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Saline or Silicone Implants


Saline or Silicone Implants

If you decide to pursue breast reconstruction with an implant, there are many factors to consider with your physician such as: fill type (saline or silicone), shell surface (smooth or textured), shape (round or shaped), profile (projection), and volume (size). Perhaps the most basic of these considerations is fill type - saline or silicone. Each fill material has its benefits and drawbacks; understanding these advantages and disadvantages will help you and your surgeon determine the right option for you. It is important to note that the FDA continues to strictly regulate and review the use of breast implants for use in breast reconstruction and augmentation which you should discuss with your surgeon prior to making your decision.

Saline Implants

Saline breast implants are filled with a sterile saltwater solution. Although they are not filled with silicone, they do have an outer shell that is made of solid silicone. Saline implants are delivered unfilled, and are filled by your surgeon with saline in the operating room. If you and your surgeon choose saline for your breast implant reconstruction, any ruptures, tears or leaks will typically be noticed immediately because the implant will deflate.

Some of the potential advantages and disadvantages of saline breast implants are outlined here:

Potential Advantages | Potential Disadvantages

Potential Advantages

  • If saline implants rupture or leak, the filler material is safely absorbed by the body.¹
  • Saline implants can be adjustable, allowing for modifications in size during surgery.
  • A smaller incision is possible, because the implant is filled interoperatively.

Potential Disadvantages

  • Some people may find that saline implants do not provide a look or feel that is as natural as silicone implants.
  • Saline implants have a higher tendency to visibly wrinkle or ripple under the skin (versus silicone).²
  • Saline implants have a higher rate of leaking and deflations (which may lead to a higher replacement rate).³

Silicone Gel Implants

Silicone breast implants have been scrutinized by the FDA over the last few decades. In 1992, silicone breast implants were available only as a "public health need" until 2006 when the FDA announced they were approving silicone breast implants made by two manufacturers. However, the approvals contained certain requirements for each of the two manufacturers and further details can be found on the FDA web site. There has been little evidence that silicone implants cause autoimmune disease, cancer, or other illnesses. Further, many women appreciate the more natural contour, look, and feel of silicone implants.4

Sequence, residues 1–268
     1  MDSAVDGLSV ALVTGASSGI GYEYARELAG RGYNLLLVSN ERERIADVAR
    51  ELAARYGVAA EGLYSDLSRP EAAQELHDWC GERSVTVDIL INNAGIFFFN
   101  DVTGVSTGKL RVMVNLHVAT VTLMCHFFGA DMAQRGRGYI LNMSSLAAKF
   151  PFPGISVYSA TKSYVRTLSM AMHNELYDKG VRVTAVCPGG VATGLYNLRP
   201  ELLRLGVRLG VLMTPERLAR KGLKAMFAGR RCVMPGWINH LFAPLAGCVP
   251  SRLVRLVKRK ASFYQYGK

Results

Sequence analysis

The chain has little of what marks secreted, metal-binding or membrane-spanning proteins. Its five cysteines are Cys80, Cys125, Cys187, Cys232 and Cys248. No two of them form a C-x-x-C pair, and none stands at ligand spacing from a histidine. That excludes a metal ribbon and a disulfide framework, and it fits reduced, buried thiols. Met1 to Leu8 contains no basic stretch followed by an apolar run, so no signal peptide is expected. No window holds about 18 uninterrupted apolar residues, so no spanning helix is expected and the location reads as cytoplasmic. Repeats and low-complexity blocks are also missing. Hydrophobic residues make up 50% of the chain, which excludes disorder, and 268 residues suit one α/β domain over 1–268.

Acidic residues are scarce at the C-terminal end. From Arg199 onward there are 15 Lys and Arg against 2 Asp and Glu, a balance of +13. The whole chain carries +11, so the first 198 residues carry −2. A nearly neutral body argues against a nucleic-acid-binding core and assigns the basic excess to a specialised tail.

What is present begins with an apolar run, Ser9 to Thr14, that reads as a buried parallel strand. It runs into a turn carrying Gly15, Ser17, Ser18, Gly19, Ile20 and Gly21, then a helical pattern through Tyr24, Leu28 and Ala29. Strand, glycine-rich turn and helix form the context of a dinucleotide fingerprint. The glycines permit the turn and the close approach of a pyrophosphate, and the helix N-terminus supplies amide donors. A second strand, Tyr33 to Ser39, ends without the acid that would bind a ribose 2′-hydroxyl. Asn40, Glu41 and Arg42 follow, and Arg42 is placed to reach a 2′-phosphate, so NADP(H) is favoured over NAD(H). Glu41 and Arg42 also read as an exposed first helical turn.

Silicone implants are particularly attractive to some breast reconstruction patients because cancer treatment often leaves women with very thin tissue on their chest. For these women, the rippling and wrinkling that can occur with saline implants may be particularly noticeable. However, rippling and wrinkling generally occur with less frequency with silicone implants, even for women with thin tissue.5

Because they are filled with gel, not liquid, a ruptured silicone implant may not be noticeable immediately. For this reason, breast augmentation and breast reconstruction patients with silicone breast implants are advised to have periodic MRI's to check for a "silent rupture."

Some of the potential advantages and disadvantages of silicone breast implants are outlined here:

Potential Advantages | Potential Disadvantages

Potential Advantages

  • Most women find that silicone implants provide a more natural contour, look and feel.4
  • Visible rippling occurs less frequently.5
  • Thin women and those with less breast tissue may still achieve a natural-looking result.
  • Studies suggest that silicone implants have a longer life span than saline implants.6

Potential Disadvantages

  • If silicone implants rupture, it is possible that it may go unnoticed for some time.
  • A larger incision may be required for silicone implants.
  • Silicone implants may be more expensive.

Choosing Your Breast Implant

As you can see, as with all breast reconstruction options saline and silicone implants each have their advantages and disadvantages. The best way to determine which implant type will best achieve your goals is to consult with a board certified breast reconstruction surgeon. Your surgeon will assess physical factors such as skin quality and breast size, as well as other considerations such as your personal preferences and unique concerns. Together, you will establish if breast implant reconstruction is the best option for you, and which implant may meet your needs.